The fuel/air ratio is important not only for the operation of the fuel injection or carburetion of the engine 24, but also in determining flammability of an accumulation of fuel vapor in the engine compartment 16. There is a rich limit of flammability beyond which a mixture of fuel vapor and air will not ignite. Likewise, there is a lean limit of flammability. The control unit 26 receives signals from a vapor sensor 54 via a wire 56. The vapor sensor 54 detects the vapor content within the engine compartment 16. Preferably, the vapor sensor module also includes a heat sensor which also transmits a signal to the control unit. The transmitted signals have a characteristic which is proportional to the elements being sensed. Set thresholds within the control unit 26 determine actuation of the blower 40. For example, detection of a particularly volatile fuel/air mixture causes activation of the blower 40 regardless of the temperature within the engine compartment 16. In like manner, the detection of an extreme temperature within the engine compartment initiates ventilation regardless of the fuel/air ratio. Between these two absolute conditions there is a wide range of programmed vapor/heat conditions which will cause the control unit to activate the blower.
While the vapor and heat sensor of FIG. 1 are shown as one unit, preferably the sensors are disjoined. The vapor sensor 54 is mounted toward the bottom of the engine compartment since fuel vapor is more dense than air. The vapor sensor should be removed from the bottom of the engine compartment 16, however, since the sensor cannot be allowed to be submerged in bilge water that collects in the engine compartment. On the other hand, a heat sensor is optimally maintained at the upper extent of the engine compartment since heat rises in relatively stagnant air.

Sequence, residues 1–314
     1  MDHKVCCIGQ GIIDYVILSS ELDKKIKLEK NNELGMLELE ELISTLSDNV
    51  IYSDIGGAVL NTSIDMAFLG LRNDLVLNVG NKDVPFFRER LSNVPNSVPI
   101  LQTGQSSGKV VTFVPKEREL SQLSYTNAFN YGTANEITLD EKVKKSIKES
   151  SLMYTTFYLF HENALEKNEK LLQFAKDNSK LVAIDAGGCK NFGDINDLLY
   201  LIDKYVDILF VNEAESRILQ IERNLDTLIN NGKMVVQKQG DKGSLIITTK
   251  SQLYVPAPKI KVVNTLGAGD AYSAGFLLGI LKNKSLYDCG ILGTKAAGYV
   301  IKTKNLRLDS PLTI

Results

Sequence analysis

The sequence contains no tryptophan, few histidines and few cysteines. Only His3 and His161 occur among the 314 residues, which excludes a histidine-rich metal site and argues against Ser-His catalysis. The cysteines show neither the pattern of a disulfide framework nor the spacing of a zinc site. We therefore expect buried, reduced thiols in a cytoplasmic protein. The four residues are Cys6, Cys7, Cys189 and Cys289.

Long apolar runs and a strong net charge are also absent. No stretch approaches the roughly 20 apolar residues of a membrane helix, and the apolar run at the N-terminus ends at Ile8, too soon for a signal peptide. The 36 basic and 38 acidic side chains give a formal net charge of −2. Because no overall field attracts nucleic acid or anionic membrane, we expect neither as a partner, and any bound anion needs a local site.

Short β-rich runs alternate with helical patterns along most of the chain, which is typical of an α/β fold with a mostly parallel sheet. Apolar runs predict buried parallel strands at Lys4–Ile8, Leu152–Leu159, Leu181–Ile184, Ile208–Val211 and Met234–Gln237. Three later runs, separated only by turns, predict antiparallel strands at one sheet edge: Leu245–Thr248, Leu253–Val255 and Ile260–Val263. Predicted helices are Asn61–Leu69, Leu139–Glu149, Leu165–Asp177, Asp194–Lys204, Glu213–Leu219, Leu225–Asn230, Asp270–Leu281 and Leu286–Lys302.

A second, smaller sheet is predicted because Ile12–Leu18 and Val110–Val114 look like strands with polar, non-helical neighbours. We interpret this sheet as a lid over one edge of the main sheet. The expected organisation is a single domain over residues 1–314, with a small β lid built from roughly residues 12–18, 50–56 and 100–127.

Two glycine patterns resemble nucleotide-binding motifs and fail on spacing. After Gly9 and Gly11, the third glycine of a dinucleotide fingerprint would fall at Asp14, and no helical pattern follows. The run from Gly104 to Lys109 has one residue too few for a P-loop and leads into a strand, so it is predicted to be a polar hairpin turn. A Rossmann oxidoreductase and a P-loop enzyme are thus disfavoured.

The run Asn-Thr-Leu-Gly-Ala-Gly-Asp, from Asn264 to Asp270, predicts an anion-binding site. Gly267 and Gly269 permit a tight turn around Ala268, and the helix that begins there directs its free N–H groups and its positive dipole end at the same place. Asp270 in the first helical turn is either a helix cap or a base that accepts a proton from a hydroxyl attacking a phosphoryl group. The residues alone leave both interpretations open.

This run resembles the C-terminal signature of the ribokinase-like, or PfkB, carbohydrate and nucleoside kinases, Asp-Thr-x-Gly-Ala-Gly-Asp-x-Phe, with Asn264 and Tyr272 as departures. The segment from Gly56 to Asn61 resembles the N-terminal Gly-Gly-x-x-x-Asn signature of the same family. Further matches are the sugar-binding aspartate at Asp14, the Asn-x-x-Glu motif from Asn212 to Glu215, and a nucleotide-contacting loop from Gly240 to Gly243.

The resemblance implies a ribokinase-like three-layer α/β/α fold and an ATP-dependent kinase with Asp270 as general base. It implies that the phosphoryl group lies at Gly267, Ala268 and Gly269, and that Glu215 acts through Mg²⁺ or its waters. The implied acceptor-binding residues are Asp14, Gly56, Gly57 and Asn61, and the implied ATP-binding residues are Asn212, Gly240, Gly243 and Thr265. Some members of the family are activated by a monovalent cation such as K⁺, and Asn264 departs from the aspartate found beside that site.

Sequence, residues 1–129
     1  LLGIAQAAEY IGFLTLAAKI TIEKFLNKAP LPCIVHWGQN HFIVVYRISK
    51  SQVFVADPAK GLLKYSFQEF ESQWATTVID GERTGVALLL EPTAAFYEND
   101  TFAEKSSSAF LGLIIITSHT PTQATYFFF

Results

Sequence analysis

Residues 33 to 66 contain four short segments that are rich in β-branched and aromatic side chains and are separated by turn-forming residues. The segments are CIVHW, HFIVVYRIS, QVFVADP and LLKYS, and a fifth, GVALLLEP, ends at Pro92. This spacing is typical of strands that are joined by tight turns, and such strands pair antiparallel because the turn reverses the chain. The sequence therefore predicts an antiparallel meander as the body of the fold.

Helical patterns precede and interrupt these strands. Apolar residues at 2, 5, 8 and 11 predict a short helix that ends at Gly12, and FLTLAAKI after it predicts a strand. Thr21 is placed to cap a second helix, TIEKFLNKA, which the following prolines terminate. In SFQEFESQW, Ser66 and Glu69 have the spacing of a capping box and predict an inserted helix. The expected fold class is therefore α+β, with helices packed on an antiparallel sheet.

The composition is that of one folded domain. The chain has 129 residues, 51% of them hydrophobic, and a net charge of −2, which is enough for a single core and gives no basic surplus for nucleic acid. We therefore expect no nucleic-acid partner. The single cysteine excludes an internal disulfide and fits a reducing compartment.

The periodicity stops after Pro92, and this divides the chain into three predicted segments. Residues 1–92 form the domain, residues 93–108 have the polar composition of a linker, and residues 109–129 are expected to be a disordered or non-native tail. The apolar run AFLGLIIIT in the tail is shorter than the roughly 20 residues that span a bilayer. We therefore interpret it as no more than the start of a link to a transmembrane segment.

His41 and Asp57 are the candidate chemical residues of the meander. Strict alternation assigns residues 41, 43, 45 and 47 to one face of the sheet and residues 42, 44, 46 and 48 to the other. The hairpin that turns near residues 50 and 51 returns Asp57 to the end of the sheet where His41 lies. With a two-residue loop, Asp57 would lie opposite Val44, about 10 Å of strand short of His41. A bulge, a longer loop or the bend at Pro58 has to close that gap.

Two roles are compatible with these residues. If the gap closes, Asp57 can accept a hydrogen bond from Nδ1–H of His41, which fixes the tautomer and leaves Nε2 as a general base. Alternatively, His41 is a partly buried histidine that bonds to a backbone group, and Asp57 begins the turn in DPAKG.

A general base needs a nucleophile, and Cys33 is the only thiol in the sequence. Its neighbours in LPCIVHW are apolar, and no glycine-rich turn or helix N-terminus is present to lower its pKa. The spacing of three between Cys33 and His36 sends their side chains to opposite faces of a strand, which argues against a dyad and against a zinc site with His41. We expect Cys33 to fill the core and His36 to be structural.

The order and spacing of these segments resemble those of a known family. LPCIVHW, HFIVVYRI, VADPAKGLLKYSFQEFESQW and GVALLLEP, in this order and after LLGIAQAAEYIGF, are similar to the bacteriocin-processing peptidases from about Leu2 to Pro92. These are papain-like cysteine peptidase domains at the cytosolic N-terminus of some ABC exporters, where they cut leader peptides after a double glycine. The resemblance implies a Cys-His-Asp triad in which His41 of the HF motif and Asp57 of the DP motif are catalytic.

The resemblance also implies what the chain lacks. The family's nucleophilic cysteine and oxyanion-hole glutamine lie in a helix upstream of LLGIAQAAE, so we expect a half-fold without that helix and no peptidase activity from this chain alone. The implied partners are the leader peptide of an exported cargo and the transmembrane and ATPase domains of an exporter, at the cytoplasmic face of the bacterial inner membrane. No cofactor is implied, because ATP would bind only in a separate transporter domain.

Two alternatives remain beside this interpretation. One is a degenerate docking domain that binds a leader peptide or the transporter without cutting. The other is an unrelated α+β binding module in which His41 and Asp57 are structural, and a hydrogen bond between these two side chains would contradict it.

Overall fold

The boat 10 of FIG. 1 includes a galley area 58. A second vapor sensor 60 within the galley area communicates with the control unit 26 via a wire 62. The vapor sensor 60 is of the type to detect propane vapor and any build-up of carbon monoxide. The galley area 58 has a propane oven. Leakage of propane from the oven 64 is detected by the sensor 60 and registered by the control unit 26. The audible alarm of the control unit as well as the video display alert a boat operator to a potentially hazardous condition.
FIG. 5 illustrates exemplary circuitry for a boat safety system. The circuitry includes a microprocessor (MPU) 66, erasable programmable read-only memory (ROM) 68, an analog-to-digital converter (A/D) 70, a current amplifier (AMP) 72 and an LCD display (DISPLAY) 74. The various devices 66-74 are interconnected by a control bus 76, a data bus 78 and an address bus 80, all in a manner known in the art.
The microprocessor 66 may be 80C31 manufactured under the trademark Advanced Micro Devices. The time basis is generated by a 3.6864 MHz quartz clock 82. The 80C31 includes on-chip random access memory (RAM). The devices 68-74 are addressed and controlled by the micro-devices processor 66. The RAM device 68 is a non-volatile, memory, such as an 87C64 device sold under the trademark Intel.